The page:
Short enough for Trump’s truncated attention span, here is John Oliver’s classic climate debate –a “statistically representative” discussion, framed according to the actual scientific consensus about global warming, rather than the conventional idiocy dictating that both sides deserve equal weight.
Last year was the hottest year on record, beating the record set in 2015. And 2015 topped the record set in 2014, according to NASA. Scientists say that this is the first time that temperature records have been broken three years in a row. For all the time spent worrying about jihadist terrorists and Mexican criminals, they don’t constitute an existential threat to humanity. Climate change does.
Science is the most useful tool we have to adapt to climate change and avoid its worst outcomes. But it requires critical thinking and a big-picture perspective to ensure we consider all available evidence. With so many people scrolling through social media feeds for news rather than reading entire articles, facts and clarity can become elusive. It’s up to us all—media and consumers alike—to dig deeper for the full story.
The boycott in the Senate Environment and Public Works Committee delayed the transition to a new administrator for the agency. Senator Ben Cardin, a Democrat, said he could not support Pruitt, a Republican and the attorney general of Oklahoma, because he “denies the sum of empirical science and the urgency to act on climate change.”
Democratic governors Jerry Brown of California, Jay Inslee of Washington and Katherine Brown of Oregon warn that climate change is harming the Pacific Ocean, and plan to fight climate change in the face of the incoming administration of Donald Trump, who has dismissed global warming as a hoax.
Weather Channel meteorologist Kait Parker explained to Breitbart, “Science doesn’t care about your opinion. Cherry-picking and twisting the facts will not change the future, nor the fact — not opinion — that the earth is warming.”
U.S. companies that have expressed the most fervent public support for President Barack Obama’s environmental agenda are also funding its biggest enemies – the scores of U.S. lawmakers who are climate change skeptics and oppose regulation to combat it, according to a Reuters review of public records.
While the experts rarely link a single event to global warming — and climate scientists have not said that it caused the devastating Louisiana floods — they point to increased rainfall and flooding as a likely result of a warmer climate.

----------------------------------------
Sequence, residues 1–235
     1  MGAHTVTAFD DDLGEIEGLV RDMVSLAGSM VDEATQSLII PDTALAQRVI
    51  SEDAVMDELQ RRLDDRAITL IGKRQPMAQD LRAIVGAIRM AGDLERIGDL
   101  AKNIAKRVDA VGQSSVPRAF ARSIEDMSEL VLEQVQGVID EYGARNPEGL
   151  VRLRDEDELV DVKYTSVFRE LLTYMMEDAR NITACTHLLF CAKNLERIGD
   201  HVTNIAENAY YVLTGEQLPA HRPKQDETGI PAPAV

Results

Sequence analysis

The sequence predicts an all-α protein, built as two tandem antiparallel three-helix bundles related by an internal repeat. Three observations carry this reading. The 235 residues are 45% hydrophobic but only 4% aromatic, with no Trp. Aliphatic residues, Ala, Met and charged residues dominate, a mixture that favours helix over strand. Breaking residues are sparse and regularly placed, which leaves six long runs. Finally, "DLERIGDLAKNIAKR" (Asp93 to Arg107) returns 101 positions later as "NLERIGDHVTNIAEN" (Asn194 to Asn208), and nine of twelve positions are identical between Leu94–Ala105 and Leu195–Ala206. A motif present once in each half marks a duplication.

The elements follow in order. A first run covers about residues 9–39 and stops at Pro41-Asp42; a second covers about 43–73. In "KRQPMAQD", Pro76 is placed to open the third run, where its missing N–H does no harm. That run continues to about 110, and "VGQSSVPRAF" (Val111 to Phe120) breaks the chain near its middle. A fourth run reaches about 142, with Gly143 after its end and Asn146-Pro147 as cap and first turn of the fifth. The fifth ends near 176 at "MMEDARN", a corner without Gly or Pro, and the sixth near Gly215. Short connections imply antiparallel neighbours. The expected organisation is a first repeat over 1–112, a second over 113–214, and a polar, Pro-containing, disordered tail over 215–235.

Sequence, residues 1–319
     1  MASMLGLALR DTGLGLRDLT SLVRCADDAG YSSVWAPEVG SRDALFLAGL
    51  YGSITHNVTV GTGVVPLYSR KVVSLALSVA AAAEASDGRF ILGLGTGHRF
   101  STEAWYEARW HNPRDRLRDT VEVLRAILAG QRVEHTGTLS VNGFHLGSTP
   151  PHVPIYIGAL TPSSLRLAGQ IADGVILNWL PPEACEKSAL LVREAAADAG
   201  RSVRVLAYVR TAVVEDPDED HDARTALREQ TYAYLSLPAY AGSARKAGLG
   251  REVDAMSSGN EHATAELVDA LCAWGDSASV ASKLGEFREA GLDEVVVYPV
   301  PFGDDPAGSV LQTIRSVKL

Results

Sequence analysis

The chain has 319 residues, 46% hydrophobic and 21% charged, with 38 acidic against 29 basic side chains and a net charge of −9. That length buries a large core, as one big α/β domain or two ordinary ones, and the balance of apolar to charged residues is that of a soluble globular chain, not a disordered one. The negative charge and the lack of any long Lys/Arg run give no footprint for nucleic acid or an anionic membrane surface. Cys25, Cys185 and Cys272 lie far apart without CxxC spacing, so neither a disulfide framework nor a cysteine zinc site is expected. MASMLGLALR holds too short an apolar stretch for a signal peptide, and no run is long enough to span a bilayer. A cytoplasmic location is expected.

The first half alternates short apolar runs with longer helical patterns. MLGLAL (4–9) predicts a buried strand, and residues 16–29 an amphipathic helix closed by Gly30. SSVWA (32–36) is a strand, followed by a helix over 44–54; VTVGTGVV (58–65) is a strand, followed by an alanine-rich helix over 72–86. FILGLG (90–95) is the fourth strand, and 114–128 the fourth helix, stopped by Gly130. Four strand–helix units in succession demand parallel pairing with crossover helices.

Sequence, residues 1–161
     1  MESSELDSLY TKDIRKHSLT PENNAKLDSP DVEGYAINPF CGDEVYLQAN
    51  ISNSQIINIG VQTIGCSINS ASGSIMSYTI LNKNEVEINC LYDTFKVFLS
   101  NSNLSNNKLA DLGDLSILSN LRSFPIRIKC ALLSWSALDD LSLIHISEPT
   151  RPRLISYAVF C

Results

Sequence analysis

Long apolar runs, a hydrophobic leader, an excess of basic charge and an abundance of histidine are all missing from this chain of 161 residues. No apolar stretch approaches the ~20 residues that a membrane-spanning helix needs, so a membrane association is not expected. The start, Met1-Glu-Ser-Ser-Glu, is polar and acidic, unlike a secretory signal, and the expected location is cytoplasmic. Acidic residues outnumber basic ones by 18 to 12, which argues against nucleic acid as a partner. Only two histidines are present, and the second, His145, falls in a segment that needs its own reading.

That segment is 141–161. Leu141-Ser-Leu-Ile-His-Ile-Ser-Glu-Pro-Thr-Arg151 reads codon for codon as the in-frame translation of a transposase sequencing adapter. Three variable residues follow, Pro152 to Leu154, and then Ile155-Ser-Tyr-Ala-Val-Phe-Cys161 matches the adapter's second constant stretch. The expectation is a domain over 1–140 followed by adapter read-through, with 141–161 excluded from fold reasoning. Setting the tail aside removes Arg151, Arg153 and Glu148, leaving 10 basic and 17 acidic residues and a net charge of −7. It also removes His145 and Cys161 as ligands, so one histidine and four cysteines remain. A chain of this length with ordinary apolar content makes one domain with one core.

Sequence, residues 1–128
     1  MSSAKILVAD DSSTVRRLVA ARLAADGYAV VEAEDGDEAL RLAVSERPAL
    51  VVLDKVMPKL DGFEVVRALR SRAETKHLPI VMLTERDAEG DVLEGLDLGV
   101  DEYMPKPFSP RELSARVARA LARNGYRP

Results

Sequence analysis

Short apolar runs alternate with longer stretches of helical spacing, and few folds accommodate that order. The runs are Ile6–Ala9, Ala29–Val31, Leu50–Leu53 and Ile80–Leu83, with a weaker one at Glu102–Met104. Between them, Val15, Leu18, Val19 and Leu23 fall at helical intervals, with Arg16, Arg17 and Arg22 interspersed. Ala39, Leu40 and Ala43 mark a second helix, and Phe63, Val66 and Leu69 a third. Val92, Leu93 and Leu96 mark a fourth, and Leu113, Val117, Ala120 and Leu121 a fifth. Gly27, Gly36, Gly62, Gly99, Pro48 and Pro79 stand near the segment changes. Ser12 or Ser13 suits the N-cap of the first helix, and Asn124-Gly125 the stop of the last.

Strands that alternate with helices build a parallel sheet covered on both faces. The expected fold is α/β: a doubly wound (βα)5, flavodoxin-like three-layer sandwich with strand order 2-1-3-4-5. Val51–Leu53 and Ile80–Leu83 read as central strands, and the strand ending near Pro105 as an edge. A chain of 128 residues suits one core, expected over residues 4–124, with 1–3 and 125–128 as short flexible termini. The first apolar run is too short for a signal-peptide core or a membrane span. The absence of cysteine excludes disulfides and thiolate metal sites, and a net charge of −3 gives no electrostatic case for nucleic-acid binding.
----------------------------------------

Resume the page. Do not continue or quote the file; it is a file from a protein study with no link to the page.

The disaster has led some to suggest, if carefully, that we might finally be witnessing a catastrophic event in a western country that can be linked directly to climate change. At the very least, events like the Fort McMurray wildfire will happen more regularly in the future, and will be more fierce.
The Pentagon has concluded that climate change represents “immediate risks” to national security. But the latest GOP debate contained nary a reference to it — instead it was a carnival of bravado and bluster. How much longer can they refuse to discuss it?
This is far from a natural phenomenon. A handful of corporate interests are causing these catastrophes. Oil, coal, auto and a few other industrial powers have profited for decades by spewing fossil fuel contaminants into the world’s atmosphere.
The state that spawned a generation of activists committed to shutting down nuclear reactors and crippling the industry has lately become a hotbed of advocacy and financial support for fighting global warming with, of all things, nuclear power.
The long slog to slow global warming and avoid its worst environmental, economic and security consequences is hard and often thankless political work. Republicans running for president are obviously not keen on picking up that shovel. They treat the issue as not a problem, a problem for others to solve or unsolvable.
With time running out to meet a self-imposed deadline, negotiators Wednesday released a new draft agreement on fighting climate change that was slimmer than earlier versions while still leaving major issues unresolved.
As world leaders convene in Paris this week to confront the long-term threat of global warming, the fact that their talks are taking place in a city still recovering from a deadly terrorist attack has amped up a long-running debate about how much climate change contributes to extremist violence.
U.S. Senate Democrats on Tuesday unveiled energy legislation designed to hasten America’s adoption of cleaner energy, slash greenhouse gas emissions below the Obama administration’s goal, and help their party attract young voters in the 2016 elections.